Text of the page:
RSB: I think the biggest difference here is our evaluation of Bourn. You think he can be Kenny Lofton. I think there is ZERO, as in NO, chance that he can be that good. Or even 75% that good. And I love the kid. But this team hasn't gone to the playoffs in 14 years. After this year, it could be another long while. The Tigers gave up John Smoltz to get Doyle Alexander and they won a World Series because of it.

RSB, I know I've seen that with the NFL, but can't recall it in relation to MLB. I could be wrong, just my understanding.

RSB, Kendrick reminds me of a young, healthy David Coggin--plenty of guts and athleticism, but no plus pitches and hence nothing more than a number 5 starter.

How many number 5 starters can the Phillies afford when they have at least two more (Moyer and Eaton) signed for 2008?

Mathieson can, and should, replace Madson in 2008.

The more I looked at this game on paper, the more it does not seem to be a total mismatch.

Peavy has been hittable at home this year while nearly untouchable (ERA under 1.00) on the road. Peavy has better a little bit better at Petco the past few seasons than on the road but not that much. Peavy is just a really good pitcher regardless of where he pitches.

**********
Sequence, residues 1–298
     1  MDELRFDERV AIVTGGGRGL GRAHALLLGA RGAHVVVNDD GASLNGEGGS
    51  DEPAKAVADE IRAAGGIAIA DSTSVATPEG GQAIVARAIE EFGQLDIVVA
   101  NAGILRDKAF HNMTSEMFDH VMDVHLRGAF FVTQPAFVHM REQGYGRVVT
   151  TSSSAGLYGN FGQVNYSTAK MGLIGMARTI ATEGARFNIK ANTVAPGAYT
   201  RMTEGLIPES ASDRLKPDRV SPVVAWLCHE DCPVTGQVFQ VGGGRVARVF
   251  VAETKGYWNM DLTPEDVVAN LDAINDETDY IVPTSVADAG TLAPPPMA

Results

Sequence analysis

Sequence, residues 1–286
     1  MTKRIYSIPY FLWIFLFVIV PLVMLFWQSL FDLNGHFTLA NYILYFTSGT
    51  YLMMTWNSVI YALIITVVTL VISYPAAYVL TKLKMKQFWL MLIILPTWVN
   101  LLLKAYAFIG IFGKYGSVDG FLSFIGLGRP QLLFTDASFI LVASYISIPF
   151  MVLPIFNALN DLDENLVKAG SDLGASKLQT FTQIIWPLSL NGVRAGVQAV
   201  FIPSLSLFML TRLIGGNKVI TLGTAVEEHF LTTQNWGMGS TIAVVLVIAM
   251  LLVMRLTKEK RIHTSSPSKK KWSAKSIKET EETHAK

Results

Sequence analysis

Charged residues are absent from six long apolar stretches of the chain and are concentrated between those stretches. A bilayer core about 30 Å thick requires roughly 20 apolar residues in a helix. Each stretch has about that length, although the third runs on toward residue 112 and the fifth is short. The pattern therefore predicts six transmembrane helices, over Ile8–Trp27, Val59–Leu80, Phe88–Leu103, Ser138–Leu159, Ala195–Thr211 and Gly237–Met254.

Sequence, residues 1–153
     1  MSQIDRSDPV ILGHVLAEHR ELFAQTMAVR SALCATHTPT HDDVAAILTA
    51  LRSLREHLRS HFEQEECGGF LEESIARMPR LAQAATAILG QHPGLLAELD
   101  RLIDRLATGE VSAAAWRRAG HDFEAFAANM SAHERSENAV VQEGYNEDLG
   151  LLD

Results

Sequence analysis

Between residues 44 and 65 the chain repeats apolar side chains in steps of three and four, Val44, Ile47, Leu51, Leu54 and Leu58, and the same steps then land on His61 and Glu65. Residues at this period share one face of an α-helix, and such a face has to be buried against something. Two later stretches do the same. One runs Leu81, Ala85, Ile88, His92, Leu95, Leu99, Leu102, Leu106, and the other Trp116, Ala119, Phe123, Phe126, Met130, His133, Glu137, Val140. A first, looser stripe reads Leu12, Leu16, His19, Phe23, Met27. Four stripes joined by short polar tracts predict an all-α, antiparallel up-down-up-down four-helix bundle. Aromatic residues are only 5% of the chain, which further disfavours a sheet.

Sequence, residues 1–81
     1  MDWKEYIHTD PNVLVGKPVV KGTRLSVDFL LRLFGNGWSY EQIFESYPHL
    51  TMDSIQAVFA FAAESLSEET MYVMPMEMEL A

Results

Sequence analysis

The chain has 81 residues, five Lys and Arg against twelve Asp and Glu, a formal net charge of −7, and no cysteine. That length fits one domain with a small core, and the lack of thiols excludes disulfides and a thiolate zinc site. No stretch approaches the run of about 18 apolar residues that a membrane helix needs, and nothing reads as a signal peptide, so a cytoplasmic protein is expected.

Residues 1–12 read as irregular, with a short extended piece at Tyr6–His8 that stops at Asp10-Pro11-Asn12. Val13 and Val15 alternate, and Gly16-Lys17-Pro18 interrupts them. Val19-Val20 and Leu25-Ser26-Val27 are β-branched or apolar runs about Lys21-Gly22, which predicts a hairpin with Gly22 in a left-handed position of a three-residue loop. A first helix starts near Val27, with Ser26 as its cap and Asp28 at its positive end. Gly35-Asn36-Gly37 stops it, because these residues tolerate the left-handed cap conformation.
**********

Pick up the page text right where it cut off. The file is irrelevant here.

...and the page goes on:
Peavy has also annihilated right-handed bats this season to an OPS of .493 with a brutal slider (his money pitch) that breaks in on righties and freezes them. Left-handed bats have generally had more a bit more success against him. Besides his slider, Peavy also predominantly throws a mid to high 90s fastball, a changeup, and a seldom used curveball.

Knowing that Peavy destroys right-handed bats, I would start Dobbs at 3B and Bourn in LF. Hopefully these guys, (especially Dobbs), can catch up to one of the heaters that Peavy throws early in the count. Nunez at 3B might be a consideration because Durbin's ability to induce grounders but that is just giving away 3 ABs. I would also roll the dice at C again and see if Coste can cox another decent outing from Durbin.